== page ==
Where to go in Kyoto
It had to be fate. We booked our Airbnb in Kyoto quite a while ago because we would be arriving in the busy cherry blossom season (Sakura). When the blossoms start to bloom, Japan is packed with tourists eager to see and photograph the beautiful blossom and even participate in the local customs to celebrate the beginning of new life with picnics and parties under the blossoming trees (Hanami).
To decide which neighbourhood we want to stay in, I always research in advance where the vegan and plant-based restaurants are. I do this for convenience reasons and because they’re often situated in the hip and happening neighbourhoods of a city. Like the Marais in Paris or Omotesando in Tokyo.
But in Kyoto it was not that obvious as the city is quite stretched out, which made it difficult to choose the right neighbourhood. We didn’t know what to expect, but hey, there were bikes included in our stay so we would be mobile enough to find those hidden veggie gems.
And then, just before we left Paris, I checked the restaurants in Kyoto again and there was Gomacro! Just around the corner of our apartment. It looked cozy, clean and advertised itself with a healthy Japanese macrobiotic menu, a small shop and even take-away. It had to be fate.
Sesame sesame sesame
So on our first day we headed over to Gomacro for lunch and found a health food sanctuary.
When entering, the first thing you’ll notice is the comforting smell of freshly grinded sesame. The seating area is bright, has large windows and a modern interior but they had me at hello! (Konnichiwa;)
There are several items on the menu such as a vegetable curry and a vegan burger. We went for the macrobiotic lunch set with miso soup, rice, seaweed and colourful veggies. During our wait we had a nice view on the open kitchen where we could see the smiling chef work his magic. But soon, we had to work too! We were provided with two grinders and bowls to grind our own black and white sesame. When our food arrived, the chef explained we could use the sesame as a condiment together with the hot sauce and the gomasio (more sesame).
Our plates looked too beautiful to eat. But our curiosity of what all these colourful looking dishes would taste like won. And what a pleasure it was. All of the small dishes were fresh, pure and perfectly balanced. Ginger, shiro miso, sweet potato, the set even included homemade fermented vegetables. Afterwards we felt nourished and understood.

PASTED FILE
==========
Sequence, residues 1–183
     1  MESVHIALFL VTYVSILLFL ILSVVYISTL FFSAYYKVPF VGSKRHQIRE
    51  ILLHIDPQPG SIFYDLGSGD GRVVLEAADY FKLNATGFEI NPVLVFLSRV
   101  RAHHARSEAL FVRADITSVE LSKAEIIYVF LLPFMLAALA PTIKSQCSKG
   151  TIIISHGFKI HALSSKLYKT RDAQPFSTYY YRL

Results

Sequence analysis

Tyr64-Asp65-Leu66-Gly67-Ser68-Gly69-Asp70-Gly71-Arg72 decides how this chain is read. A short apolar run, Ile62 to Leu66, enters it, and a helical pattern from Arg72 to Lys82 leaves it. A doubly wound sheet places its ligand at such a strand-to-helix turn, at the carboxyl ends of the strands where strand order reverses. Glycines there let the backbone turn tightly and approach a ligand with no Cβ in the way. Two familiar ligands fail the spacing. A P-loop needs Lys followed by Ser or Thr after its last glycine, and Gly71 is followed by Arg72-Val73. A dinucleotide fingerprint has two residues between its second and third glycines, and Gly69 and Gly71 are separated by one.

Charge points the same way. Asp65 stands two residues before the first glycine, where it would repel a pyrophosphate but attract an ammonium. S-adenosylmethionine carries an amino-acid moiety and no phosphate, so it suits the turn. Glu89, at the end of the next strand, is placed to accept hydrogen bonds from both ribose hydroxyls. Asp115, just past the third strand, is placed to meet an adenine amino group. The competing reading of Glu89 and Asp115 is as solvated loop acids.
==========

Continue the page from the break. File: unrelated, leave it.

Fortunately, they share their food wisdom and provide cooking courses above the restaurant. If you’re in the area, definitely check out their monthly cooking workshops (in English) on vegan Japanese and macrobiotic cooking. Unfortunately for us, there was no workshop during the time we were in Kyoto.
Kyoto by bike
Kyoto is very easy to go around by bike. There are bicycle lanes all over town and a lot of temples and sights such as the Imperial Palace have small bicycle parking lots. Just remember to stay on the left side of the road. If there is no bicycle lane, usually bikes are allowed on the pavement.
The back alleys of Kyoto are often free of tourist crowds and great to explore by bike. You can also bike along the Kamo River and alongside the Philosopher’s Path, which is both enjoyable by foot and by bike. The path begins around Ginkakuji (Silver Pavilion) and runs south towards Nanzen-ji temple. You can visit Honen-in en Zenrin-ji temple along the way. If you’re really adventurous you can bike to the bamboo forest of Arashiyama but I would recommend going by train and maybe rent a bike there.
The Geishas of Gion
History comes alive in the small streets of Gion. Reading “Memoirs of a Geisha” before you go to Kyoto will give you extra insight into all the history of this neighbourhood. And if you’re lucky you might bump into a Geisha or a Meiko (Geisha apprentice) on their way to an appointment.
Kyoto is filled with tourists wearing kimonos but when you’ll encounter the real thing you’ll know, cause it will take your breath away. Their hair, make-up and clothing is meticulous and easily recognisable and they’re always in a hurry. You won’t catch them devouring snacks like most tourists do!
Be careful to treat the geishas with respect and not to touch them. Geishas are still considered to be untouchable figures in Kyoto. This is explained in detail in Memoirs of a Gesiha. Hanami-Koji street and its side alleys, south of Soji-Dori, are a great place to spot geishas and meikos between 5 and 7 pm. Be alert to taxis picking them up.
Kyoto has so many sights to see and neighbourhoods to explore that we could have stayed there another week! In between site seeing, rent a bike, get a healthy bento box and join the locals for a picnic alongside the Kamo River. Enjoy!
Our next stop will be Hiroshima. Thank you for reading!
Victoria – Greens Around The World
Vegan restaurants in Kyoto
These are some of the vegan restaurants where we ate during our stay in Kyoto. Gomacro was our favourite but if you look hard enough there are some more healthy vegan restaurants around.
Gomacro Salon Kyoto, all vegan, hours: 11am-7pm, closed on Mondays.
Shinmachidori Oike Shitaru Shinmei-cho, 67-3 (Oike Shinmachi Street southeast corner) Kyoto Nakagyo-ku
Metro: Karasuma line or Tozai line Stop: Karasuma Oike
Biotei, vegetarian and vegan options available in the menu and upon request, hours: Tue-Fri 11:30am-2:00pm, Tue-Wed 5:00pm-8:30pm, Fri-Sat 5:00pm-8:30pm, Sunday closed.
2nd floor, M&I Building, 28 Umetada-cho, Higashinotouin-nishi-iru, Sanjo-dori, Nakagyo-ku Kyoto
Tosca, all vegan, hours: 11:30am-3:00pm and 6:00pm-10:00pm. Closed on Mondays. Easy to combine with a visite of Ginkakuji Temple.
67-7 Kitashirakawa Oiwakecho, Sakyo Ward, Kyoto
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